For the record: I received this book (an actual hardcover book!) for review from Algonquin Books, through LibraryThing’s Early Reviewers program. This does not affect the content of my review, but since I truly did love the book, I’m incredibly thankful to have a “real” copy and not just an ARC.
I’ve delayed this review so long, I hardly know where to begin. So, I will begin at the beginning. The novel contains eight parts, with a total of 67 chapters. The lengths of the parts are wildly uneven: Part one contains chapter 1, which is only four pages long. It doesn’t quite function as a prologue, exactly, but sort of as a smoky glimpse of things to come. I use the word “smoky” to mean the scene is literally smoky. The first page of the book contains the sentence, “The smoke was so thick the moose head was barely able to see the people it was intended to spy on.” From the book’s jacket, the reader learns that the novel will include a cartoonist from Denmark -- home of “the happiest people in the world” (except for that guy Hamlet, who I seem to recall was super unhappy) -- and some CIA agents, and a high school principal in a small town in upstate New York, plus the principal’s wife. We know there are CIA agents, so the mention of spying right on the first page isn’t wholly unexpected.
Part two begins with chapter 2, in which we meet the aforementioned Danish cartoonist. The timing of my reading of this book was very strange. I got the book in October, but didn’t actually read it until early January. Only a few days after the attacks on the satirical newspaper Charlie Hebdo in Paris, I found myself reading about a similar kind of situation in a fictitious newspaper in Denmark. I had waited too long to start reading the book, but ended up reading it almost simultaneously with current real-world events. In the novel, the reason the cartoonist draws a controversial cartoon depicting the prophet Muhammad is quite mundane: his boss tells him to draw one. The reason the boss tells him to draw the cartoon is really a slap in the face for anyone who believes in freedom of expression: the editor hates his job, but the newspaper had been “owned and run by his family for almost two centuries. Quitting the paper would be like quitting his family” (p. 14). He realizes that if the paper prints a controversial cartoon, the backlash will require him to close up shop, and he’ll no longer be stuck in this job that he hates. (Selfish bastard.)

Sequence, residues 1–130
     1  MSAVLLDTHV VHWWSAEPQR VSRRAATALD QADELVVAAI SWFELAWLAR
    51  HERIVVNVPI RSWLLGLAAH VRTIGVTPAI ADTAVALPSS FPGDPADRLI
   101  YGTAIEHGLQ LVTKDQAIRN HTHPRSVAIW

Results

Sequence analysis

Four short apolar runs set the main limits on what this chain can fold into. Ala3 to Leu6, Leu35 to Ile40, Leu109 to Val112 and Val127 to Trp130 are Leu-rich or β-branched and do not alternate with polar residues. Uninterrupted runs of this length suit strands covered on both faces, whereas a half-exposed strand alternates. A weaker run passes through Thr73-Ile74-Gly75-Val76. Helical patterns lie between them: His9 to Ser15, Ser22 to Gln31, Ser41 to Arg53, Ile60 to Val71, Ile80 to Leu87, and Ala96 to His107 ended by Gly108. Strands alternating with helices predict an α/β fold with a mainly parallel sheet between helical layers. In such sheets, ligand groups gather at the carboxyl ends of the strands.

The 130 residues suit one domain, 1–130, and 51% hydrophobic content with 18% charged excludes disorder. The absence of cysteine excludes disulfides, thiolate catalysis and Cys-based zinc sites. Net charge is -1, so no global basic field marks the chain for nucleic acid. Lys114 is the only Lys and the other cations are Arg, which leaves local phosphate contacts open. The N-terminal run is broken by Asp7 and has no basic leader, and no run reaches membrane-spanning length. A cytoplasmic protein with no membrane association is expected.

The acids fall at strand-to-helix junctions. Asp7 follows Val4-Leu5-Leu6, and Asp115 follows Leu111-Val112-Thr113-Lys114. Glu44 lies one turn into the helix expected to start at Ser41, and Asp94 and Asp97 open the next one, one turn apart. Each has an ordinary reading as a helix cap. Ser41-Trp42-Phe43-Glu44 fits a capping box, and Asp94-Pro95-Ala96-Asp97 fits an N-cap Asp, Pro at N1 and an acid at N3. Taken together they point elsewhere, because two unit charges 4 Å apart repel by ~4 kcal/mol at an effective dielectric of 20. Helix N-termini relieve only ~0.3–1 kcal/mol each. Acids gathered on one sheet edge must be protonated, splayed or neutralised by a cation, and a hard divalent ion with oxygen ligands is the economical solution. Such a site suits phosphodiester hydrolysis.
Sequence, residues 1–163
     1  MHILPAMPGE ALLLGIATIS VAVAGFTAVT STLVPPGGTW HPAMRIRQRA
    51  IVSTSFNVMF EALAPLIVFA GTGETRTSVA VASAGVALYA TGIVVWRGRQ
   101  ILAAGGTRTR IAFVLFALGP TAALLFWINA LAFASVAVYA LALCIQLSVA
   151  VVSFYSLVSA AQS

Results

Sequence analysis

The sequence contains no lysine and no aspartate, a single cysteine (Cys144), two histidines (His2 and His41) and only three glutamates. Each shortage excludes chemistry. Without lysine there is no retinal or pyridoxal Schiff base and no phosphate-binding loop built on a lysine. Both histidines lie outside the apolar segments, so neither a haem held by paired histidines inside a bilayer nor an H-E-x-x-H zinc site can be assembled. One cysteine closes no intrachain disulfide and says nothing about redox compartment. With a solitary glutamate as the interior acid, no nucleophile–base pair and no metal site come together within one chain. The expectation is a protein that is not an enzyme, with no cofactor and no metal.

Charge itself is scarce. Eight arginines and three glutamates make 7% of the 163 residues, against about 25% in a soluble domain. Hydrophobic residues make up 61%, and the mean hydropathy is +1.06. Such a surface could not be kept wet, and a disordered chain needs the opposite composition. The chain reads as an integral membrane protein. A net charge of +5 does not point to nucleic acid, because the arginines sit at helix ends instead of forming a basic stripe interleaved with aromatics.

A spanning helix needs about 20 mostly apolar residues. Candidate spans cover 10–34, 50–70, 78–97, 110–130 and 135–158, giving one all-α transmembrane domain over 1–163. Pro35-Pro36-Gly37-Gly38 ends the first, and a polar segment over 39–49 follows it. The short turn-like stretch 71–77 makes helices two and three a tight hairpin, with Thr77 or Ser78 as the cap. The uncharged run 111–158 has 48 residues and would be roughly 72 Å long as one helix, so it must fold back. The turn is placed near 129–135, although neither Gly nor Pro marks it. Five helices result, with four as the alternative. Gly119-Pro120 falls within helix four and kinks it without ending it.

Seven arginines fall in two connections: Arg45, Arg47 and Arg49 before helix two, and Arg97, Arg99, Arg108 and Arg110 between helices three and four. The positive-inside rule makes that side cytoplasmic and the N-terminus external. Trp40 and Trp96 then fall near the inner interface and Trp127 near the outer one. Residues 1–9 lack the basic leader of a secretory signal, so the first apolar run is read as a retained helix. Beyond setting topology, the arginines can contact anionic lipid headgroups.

The newspaper offices are attacked, and the cartoonist’s house is burned down. The cartoonist is declared dead, but in reality, he’s alive and being protected by the CIA. After a couple few years of being shuttled here and there, the Danish cartoonist is given a new identity, Henry Larsen of Sweden. His CIA handler, a woman nicknamed Locs, travels with him to the US, then puts him on a bus to a little town in upstate New York called Broomeville. We learn that Locs used to live in Broomeville, and had an affair with the junior-senior high school principal, Matty. Although he had loved Locs, he’d broken it off with her and remained with his wife, Ellen, and their son, Kurt. Before bringing Henry to America, Locs got in contact with Matty, told him that she’d joined the CIA after their affair ended, and asked him if he had a job available for the man under her protection. Matty agrees to hire Henry Larsen as the school’s guidance counselor.
The novel’s plot is fairly complicated, and there are a number of quirky characters, but I felt most of the central characters were fleshed out and interesting. Although the details of the plot were far-fetched and improbable, the characters’ actions and emotions rang true. Locs still misses Matty, still loves him, although their affair ended seven years before. Ellen is still hurt by Matty’s betrayal, and when she hears someone else refer to him as “Matthew,” the name only Locs called him, she’s instantly suspicious. Their son Kurt, now a teenager, is intrigued by Henry, and curious about his sudden appearance in Broomeville, but also tells him impulsively when they first meet, “‘I’m definitely going to be needing your guidance counseling’” (p.77).